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    Author(s): Carolyn Pike; Kevin Potter; Paul Berrang; Barbara Crane; Joanne Baggs; Laura Leites; Tom Luther
    Date: 2020
    Source: Journal of Forestry
    Publication Series: Scientific Journal (JRNL)
    Station: Southern Research Station
    PDF: Download Publication  (1.0 MB)

    Description

    Reforestation and restoration efforts have traditionally relied on “local” seed sources as planting stock. The term “local” has different meanings in different locales, since no single set of seedcollection zones has yet been widely adopted across the eastern United States. Given concerns about mitigating the effects of climate change, forest managers are increasingly seeking to move seed sources in a process called assisted migration, which would be facilitated if a common set of seed-collection zones were available. We developed a map of 245 seed-collection zones for 37 states by combining two ecologically important layers: plant hardiness zones and ecoregions. These new seed-collection zones should be used by seed collectors and nurseries to describe the origin of seed for plants and trees in the eastern United States. Common garden studies remain the gold standard for determining how far to move seed from any particular seed-collection zone. For species that have not been field-tested, seed movement that is limited either within a seedcollection zone or between adjacent seed-collection zones is a reasonable general guideline.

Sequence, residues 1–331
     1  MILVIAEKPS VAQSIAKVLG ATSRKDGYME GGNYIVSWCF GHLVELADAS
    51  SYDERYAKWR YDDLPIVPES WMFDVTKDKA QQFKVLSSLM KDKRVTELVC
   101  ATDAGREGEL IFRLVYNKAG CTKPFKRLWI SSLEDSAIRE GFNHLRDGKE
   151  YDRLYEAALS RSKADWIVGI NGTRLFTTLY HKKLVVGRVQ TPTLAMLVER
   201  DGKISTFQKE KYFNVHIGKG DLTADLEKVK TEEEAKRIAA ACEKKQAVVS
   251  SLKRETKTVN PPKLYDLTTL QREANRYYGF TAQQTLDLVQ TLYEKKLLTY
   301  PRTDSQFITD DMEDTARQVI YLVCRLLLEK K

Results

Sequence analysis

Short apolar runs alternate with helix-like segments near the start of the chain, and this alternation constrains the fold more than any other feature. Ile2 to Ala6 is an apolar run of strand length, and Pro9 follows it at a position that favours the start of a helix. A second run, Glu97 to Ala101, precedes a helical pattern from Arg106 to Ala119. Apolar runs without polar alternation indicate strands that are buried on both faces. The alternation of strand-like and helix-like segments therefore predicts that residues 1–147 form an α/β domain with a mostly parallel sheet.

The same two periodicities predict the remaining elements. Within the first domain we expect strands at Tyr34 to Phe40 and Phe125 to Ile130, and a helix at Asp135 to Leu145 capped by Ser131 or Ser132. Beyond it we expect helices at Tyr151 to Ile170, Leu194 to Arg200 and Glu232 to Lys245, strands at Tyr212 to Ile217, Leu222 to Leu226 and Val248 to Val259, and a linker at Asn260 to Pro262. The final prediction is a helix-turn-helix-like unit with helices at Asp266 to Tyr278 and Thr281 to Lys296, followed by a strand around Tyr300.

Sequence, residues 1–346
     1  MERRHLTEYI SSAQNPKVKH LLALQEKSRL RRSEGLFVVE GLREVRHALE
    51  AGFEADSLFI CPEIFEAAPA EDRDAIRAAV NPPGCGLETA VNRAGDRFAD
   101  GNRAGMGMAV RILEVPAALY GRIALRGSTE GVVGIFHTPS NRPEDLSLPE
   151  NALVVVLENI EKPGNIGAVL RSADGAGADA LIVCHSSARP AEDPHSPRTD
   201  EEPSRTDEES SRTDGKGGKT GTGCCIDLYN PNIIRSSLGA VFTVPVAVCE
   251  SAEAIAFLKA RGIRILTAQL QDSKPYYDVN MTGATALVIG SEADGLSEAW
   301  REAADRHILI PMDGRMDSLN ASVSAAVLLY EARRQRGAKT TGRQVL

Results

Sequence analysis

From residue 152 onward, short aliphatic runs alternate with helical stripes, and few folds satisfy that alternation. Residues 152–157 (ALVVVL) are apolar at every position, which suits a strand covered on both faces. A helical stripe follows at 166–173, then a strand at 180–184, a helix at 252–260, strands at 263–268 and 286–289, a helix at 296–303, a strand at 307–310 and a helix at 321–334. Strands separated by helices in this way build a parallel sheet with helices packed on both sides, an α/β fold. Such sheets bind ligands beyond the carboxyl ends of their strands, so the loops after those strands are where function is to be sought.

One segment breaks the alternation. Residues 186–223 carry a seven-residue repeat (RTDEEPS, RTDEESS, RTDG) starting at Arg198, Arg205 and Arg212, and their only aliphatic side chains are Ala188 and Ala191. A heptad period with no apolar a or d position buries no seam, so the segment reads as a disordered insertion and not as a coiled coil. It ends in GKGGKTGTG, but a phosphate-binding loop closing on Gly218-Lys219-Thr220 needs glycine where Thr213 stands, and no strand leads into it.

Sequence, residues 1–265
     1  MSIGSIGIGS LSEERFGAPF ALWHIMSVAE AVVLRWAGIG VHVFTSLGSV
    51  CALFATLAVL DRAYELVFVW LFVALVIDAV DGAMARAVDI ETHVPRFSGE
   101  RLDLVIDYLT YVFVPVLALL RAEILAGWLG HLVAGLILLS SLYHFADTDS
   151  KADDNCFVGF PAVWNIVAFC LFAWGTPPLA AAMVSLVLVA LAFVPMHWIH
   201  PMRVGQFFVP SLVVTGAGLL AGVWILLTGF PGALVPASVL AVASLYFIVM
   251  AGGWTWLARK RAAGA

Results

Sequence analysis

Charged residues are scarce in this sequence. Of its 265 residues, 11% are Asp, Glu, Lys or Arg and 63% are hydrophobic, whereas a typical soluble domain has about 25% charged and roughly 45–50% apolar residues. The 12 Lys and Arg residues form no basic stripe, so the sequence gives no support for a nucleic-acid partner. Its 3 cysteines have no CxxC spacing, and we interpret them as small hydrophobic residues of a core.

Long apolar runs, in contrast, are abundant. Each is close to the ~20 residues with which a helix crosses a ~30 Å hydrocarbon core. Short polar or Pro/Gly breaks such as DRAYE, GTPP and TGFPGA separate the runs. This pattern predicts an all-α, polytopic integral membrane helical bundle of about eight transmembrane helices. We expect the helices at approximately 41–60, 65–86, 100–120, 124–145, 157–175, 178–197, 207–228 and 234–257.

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    Citation

    Pike, Carolyn; Potter, Kevin M; Berrang, Paul; Crane, Barbara; Baggs, Joanne; Leites, Laura; Luther, Tom. 2020. New Seed-Collection Zones for the Eastern United States: The Eastern Seed Zone Forum. Journal of Forestry. 9(2): 271-. https://doi.org/10.1093/jofore/fvaa013.

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    Keywords

    Seed-collection zone, seed transfer, assisted migration, plant-hardiness zones, ecoprovinces

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https://www.fs.usda.gov/treesearch/pubs/60008